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work together The global information bulletin for cooperatives and worker-owned enterprises in industry, services and crafts April 2009 - Issue N° 1

SUMMA RY Editorial




Latin America




North America




The Cooperative Movement and the Economic Crisis, What Is the Way Out?

Editorial By Felice Scalvini, president of CECOP CICOPA-Europe What began as a financial crisis soon became an international

work together is a joint publication of CIC OPA and C ECOP Europe General coordination: Bruno Roelants Editors: Olivier Biron and Antonio Amato Graphics: jcse © CIC OPA 2009

economic crisis. When and how are we going to come out of it? Obviously nobody dares make a guess. However we must propose new ideas for the future. Although there is no definitive “solution,” it is necessary to understand what has happened, what has led us here, and see how to prevent mistakes without renouncing the process of global growth. Global development is still necessary if we want to eradicate

I nternational O rganis ation of I ndustrial, Artisanal and Service Producers ’ Cooperatives

European Confederation of Worker Cooperatives , Social Cooperatives and Social and Participative Enterprises

Contact: Avenue Milcamps 105 BE-1030 Brusells Phone: +(32) 2 543 10 33 Fax: +(32) 2 543 10 37

COOPSPACE: A new worldwide web system for entrepreneurial exchanges between cooperatives (page 3)

poverty and inequality once and for all from the face of the earth, and make it possible for our children to have a future with a wellbeing which is not too different from the one we have been enjoying over the past fifty years. (continued on next page)

Worker and social cooperatives are growing in Europe (page 9)

Worker cooperative organisations from South America meet and decide to build a process of integration among themselves (page 5)



The Cooperative Movement and the Economic Crisis, What Is the Way Out? (continued from page 1) Editoria l by Felice Sca lvini, president of CECOP C ICOPA-Europe What can we propose?

have dried up the resources from rules, and the future of local and

First of all, it is necessary to go back to developing enterprises that are structured differently

which they drew their suste-

global economy is at stake. We

nance, in the same way as monocultures drain away the

have to be ready for this new appointment with history.

lands on which they grow.

from capitalist ones, and to con-

How will we accomplish this?

tinue to develop a plurality of

First of all, by having excellent

entrepreneurial forms. It is necessary for the markets, including the financial ones, to go back to entrepreneurial diversity. We must develop cooperatives, mu tuals, consortia, social and nonprofit enterprises, with the same recognition and the same chances of development that forprofit enterprises receive.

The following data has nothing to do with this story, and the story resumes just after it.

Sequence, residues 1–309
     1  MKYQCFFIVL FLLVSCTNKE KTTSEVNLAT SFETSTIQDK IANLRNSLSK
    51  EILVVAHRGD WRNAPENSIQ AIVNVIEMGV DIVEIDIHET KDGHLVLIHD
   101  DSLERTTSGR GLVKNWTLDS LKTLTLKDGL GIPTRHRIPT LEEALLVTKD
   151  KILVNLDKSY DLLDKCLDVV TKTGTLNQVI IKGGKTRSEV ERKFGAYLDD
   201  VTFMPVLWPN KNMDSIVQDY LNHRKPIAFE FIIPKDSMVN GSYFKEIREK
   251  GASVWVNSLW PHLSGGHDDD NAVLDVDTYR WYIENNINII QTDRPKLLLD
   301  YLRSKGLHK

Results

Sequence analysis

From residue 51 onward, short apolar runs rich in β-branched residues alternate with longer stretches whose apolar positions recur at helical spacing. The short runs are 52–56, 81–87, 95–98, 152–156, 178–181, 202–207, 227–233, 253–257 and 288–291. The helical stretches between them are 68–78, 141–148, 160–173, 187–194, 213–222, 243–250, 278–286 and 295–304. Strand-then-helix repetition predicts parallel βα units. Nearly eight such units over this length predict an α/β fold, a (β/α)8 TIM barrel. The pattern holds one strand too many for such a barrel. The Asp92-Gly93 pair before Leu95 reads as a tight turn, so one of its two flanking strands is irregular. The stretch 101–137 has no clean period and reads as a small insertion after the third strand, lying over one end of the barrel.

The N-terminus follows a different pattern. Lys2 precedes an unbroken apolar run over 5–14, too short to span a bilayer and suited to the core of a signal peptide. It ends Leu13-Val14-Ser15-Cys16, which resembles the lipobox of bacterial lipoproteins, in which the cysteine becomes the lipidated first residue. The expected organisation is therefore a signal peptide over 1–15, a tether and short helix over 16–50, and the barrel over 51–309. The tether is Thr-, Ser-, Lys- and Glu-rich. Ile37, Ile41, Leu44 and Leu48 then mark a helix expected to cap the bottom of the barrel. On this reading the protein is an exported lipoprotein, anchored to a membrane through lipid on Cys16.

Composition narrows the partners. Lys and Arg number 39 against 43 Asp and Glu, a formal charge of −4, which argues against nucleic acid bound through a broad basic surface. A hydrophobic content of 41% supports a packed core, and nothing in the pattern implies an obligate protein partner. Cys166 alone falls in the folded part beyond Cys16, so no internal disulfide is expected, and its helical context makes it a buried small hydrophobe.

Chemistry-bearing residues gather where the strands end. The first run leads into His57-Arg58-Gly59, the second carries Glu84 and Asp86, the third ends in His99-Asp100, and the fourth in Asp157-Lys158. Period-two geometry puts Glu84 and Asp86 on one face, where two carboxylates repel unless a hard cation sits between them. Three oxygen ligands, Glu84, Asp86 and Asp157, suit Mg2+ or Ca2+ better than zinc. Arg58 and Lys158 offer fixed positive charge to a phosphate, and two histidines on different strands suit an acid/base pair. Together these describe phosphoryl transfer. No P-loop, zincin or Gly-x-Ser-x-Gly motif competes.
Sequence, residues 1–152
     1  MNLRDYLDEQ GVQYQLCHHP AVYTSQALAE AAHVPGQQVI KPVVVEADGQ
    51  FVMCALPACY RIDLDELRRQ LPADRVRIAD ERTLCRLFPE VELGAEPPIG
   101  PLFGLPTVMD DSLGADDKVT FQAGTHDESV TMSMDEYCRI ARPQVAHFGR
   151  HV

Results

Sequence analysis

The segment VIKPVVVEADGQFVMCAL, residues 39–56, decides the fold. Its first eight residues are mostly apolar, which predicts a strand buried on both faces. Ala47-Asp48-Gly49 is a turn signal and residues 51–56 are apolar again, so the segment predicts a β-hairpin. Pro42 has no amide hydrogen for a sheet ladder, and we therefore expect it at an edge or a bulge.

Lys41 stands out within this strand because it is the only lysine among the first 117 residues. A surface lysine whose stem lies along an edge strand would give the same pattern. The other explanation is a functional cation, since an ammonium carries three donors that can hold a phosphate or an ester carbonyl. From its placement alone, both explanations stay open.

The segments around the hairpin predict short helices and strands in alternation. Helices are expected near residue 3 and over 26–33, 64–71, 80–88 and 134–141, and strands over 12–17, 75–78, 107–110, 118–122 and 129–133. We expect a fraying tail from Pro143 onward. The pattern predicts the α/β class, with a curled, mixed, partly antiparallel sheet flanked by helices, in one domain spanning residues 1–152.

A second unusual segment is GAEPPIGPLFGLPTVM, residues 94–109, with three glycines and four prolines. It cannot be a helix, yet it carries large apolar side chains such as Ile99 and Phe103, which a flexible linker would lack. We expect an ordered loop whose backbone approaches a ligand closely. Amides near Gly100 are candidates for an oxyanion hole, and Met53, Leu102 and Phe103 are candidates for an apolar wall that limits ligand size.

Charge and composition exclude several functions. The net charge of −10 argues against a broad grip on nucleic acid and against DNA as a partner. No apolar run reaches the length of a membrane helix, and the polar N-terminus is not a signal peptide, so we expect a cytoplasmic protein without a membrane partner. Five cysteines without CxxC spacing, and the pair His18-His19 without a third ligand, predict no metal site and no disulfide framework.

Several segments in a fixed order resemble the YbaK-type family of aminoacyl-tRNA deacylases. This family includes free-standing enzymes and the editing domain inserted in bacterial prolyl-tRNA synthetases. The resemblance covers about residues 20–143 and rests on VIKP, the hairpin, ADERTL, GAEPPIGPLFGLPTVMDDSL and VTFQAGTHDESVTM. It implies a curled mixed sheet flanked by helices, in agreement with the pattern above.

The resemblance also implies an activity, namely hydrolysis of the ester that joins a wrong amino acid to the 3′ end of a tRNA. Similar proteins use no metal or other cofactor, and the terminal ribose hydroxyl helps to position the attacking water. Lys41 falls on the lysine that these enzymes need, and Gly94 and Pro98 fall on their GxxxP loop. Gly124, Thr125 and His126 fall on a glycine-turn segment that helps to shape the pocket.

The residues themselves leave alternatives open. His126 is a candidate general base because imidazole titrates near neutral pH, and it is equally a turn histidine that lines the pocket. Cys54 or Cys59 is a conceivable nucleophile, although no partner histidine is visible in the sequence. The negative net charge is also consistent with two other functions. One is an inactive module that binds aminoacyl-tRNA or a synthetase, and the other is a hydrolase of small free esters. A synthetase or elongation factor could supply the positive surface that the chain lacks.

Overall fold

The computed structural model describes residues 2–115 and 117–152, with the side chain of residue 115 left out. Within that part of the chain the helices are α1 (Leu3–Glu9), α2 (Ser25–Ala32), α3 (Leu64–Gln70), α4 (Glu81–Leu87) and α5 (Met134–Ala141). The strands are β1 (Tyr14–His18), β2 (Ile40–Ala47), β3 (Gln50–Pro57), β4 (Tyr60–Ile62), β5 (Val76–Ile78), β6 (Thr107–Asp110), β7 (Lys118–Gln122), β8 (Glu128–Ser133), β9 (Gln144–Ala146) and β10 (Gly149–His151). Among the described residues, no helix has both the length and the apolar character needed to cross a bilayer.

“Now is the time to re-write the rules, and the future of local and global economy is at stake. We have to be ready for this new appointment with history. ”

enterprises, modelled on the cooperative principles and praxis. Secondly, by building ever stronger links (the process has already started, though much is still needed to be built) between cooperative sectors, in order to harmonise fully integrated areas of the cooperative economy. Thirdly, it is important to develop autonomous and original

Only a balanced plurality of actors with different economic goals and modalities can guarantee balanced development. Recent events have shown that the prevalence of enterprises that have chosen profit as their only creed and objective, and that are supported by a huge scientific and communication system,

ideas, free from any type of For cooperative enterprises, and

ideological slavery towards the

generally speaking for all the participative and social enter-

capitalist form of management

prises, a new season is opening

and economy. And, last but not least, we need to be proud of our

up: it will be a difficult one, but

roots, our history and our contri-

it will also be an extraordinary

bution, in the course of the last

and decisive one.

few centuries, to the economic, civil and moral growth of millions

Now is the time to re-write the

of people. ◊

INTERCONTINENTAL MERCOSUR cooperative delegation to Brussels attends CECOP seminar and signs protocol with CICOPA n October 2008, a delegation sent from REC M (Reunión Especializada de Cooperativas de Mercosur) made a visit in Brussels. , REC M is the MERC OSUR official agency for cooperatives which comprises the national administratio n of control and promotion of cooperatives and the national confederations of cooperatives in each MERC OSUR member state (Brazil, Argentina, Uruguay, Paraguay). As C hile is an associate member of MERC OSUR, a delegate from the C hilean cooperative state administration was also part of the s tudy tour.